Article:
We completely understand your worries. Here’s a guide to what to expect at the first dental appointment in years and how to get your dental care up to speed.

What Procedure Does My Child Need at Their First Dental Visit in a While?

Your child’s first appointment after a long break from the dentist should be an initial exam. This will include:

  • Taking X-rays of their teeth.
  • Checking for cavities.
  • Discussing any discomfort or pain in their mouth.
  • Examining gums for signs of disease.

The assistant and dentist will confer to discuss what further procedures your child may need after this initial checkup. You may need to schedule fillings for cavities, crowns, extractions, or sealants, depending what shape your child’s teeth are in.

Realize There May Be Some Discomfort

When your child has had a long layoff from dental cleanings, they will accumulate a lot of plaque and tartar that will need to be cleaned away. This involves a combination of scraping and using other dental instruments to clean the teeth. In the event that they need a deep cleaning, often referred to as SRP, we will schedule two appointments.

Ask the assistant or dentist to explain everything first, which will help put you or your child at ease. However, also realize there may be some discomfort. You may want to ask about bringing music or a podcast to listen to and keep them distracted while the work is done.

Make Your First Dental Visit in a While at Just Kids Dental

At Just Kids Dental, we know it can be scary to visit the dentist after a long layoff. We’ll work with you and your child to make everyone as comfortable as possible and explain everything we do during your visit. Contact us to make an appointment today.

How to Help Your Child Get Over Dental Phobia

How to Help Your Child Get Over Dental Phobia

Kids are scared of the dentist. In fact,  thirty percent of kids say they are scared to visit the dentist.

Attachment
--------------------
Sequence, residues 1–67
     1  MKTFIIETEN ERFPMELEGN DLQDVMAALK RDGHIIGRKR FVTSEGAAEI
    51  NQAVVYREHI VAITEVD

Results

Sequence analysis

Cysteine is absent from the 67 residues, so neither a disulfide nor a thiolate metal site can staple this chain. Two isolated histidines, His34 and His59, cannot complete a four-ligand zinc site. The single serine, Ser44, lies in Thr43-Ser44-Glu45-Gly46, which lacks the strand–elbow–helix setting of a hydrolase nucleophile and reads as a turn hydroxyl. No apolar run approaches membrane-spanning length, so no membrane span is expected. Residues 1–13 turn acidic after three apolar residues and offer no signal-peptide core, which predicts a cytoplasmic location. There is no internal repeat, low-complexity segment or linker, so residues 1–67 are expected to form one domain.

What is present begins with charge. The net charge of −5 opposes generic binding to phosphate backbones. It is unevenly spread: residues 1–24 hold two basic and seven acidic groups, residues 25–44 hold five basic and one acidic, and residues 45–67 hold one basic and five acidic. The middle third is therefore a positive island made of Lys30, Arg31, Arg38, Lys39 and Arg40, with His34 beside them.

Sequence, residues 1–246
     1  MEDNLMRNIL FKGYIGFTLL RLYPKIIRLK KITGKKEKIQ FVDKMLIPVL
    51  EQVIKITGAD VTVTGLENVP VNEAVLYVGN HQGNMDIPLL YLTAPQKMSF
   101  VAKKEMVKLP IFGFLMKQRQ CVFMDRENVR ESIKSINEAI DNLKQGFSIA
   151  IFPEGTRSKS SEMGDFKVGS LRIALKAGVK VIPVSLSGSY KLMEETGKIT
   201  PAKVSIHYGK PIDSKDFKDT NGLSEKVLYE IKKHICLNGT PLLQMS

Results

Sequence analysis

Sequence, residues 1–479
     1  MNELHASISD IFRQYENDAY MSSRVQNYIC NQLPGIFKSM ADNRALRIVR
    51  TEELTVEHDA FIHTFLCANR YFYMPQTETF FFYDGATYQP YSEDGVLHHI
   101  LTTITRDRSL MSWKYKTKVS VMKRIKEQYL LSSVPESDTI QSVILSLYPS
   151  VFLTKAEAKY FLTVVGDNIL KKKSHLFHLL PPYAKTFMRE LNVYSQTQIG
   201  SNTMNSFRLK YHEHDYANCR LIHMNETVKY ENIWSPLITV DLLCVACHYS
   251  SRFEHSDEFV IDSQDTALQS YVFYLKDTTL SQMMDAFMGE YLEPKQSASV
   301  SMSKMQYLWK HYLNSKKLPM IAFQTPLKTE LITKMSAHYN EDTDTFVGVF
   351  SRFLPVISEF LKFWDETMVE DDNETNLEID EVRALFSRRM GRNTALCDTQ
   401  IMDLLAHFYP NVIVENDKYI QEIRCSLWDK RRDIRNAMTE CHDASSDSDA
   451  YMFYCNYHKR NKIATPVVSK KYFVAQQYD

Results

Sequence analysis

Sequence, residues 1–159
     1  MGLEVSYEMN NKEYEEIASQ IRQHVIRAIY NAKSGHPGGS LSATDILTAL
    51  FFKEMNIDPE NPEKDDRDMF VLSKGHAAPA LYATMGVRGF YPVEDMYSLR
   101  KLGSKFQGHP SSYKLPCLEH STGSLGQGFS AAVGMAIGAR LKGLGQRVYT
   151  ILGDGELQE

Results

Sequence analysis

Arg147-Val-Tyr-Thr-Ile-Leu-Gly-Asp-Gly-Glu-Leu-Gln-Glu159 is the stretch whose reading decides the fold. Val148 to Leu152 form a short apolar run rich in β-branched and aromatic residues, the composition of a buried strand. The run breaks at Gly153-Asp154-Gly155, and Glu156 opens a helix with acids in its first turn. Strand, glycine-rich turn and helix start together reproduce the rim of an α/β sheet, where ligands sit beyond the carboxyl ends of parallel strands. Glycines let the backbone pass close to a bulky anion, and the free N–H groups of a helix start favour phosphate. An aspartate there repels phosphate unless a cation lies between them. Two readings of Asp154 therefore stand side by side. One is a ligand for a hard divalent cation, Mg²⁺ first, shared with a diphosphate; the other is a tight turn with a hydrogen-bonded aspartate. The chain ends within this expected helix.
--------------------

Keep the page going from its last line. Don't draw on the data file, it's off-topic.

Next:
You can help your child deal with a fear of the dentist by using these strategies.

  • Don’t Pass on Your Fears to Your Kids

The above survey found that kids whose parents are afraid of the dentist are much more likely to be scared of visiting the dentist than kids of parents who are not afraid of the dentist. While dental phobia isn’t easy to deal with, try not to expose your kids to your fears. Let them make up their own minds about the dentist.

  • Play Dentist at Home

Get your child ready for a dentist visit by trying a game of make-believe: Have your child play the patient while you play the dentist. Pretend to clean their teeth and check for cavities, and answer any questions they might have about the process.

  • Talk About Their Fears

Show your child that their fear of the dentist is nothing to be ashamed about. Discuss their concerns, and try to alleviate them if you can. Most importantly, listen. Kids appreciate being treated respectfully and allowed to talk. Resist the urge to tell them their fears are silly or that they shouldn’t worry. Be a good listener, and you’ll be amazed at how the issue begins to resolve itself.

  • Begin Visiting the Dentist While They’re Young

Fear of the dentist can be a learned behavior. If your child is old enough to talk to other kids at school about the dentist, they may notice others are scared and become fearful themselves. Don’t allow that to happen. Start bringing your child to the dentist as soon as they get their baby teeth — they’ll become comfortable with cleaning and familiar with your dentist.

Baby Bottle Tooth Decay (Early Childhood Caries)

Baby Bottle Tooth Decay (Early Childhood Caries)

 

One serious form of decay among young children is baby bottle tooth decay. This
condition is caused by frequent and long exposures of an infant’s teeth to liquids
that contain sugar. Among these liquids are milk (including breast milk), formula,
fruit juice and other sweetened drinks.

group-of-babies
Putting a baby to bed for a nap or at night with a bottle other than water can
cause serious and rapid tooth decay. Sweet liquid pools around the child’s teeth
giving plaque bacteria an opportunity to produce acids that attack tooth enamel.
If you must give the baby a bottle as a comforter at bedtime, it should contain
only water. If your child won’t fall asleep without the bottle and its usual
beverage, gradually dilute the bottle’s contents with water over a period of two
to three weeks.
After each feeding, wipe the baby’s gums and teeth with a damp washcloth or
gauze pad to remove plaque. The easiest way to do this is to sit down, place the
child’s head in your lap or lay the child on a dressing table or the floor.
Whatever position you use, be sure you can see into the child’s mouth easily.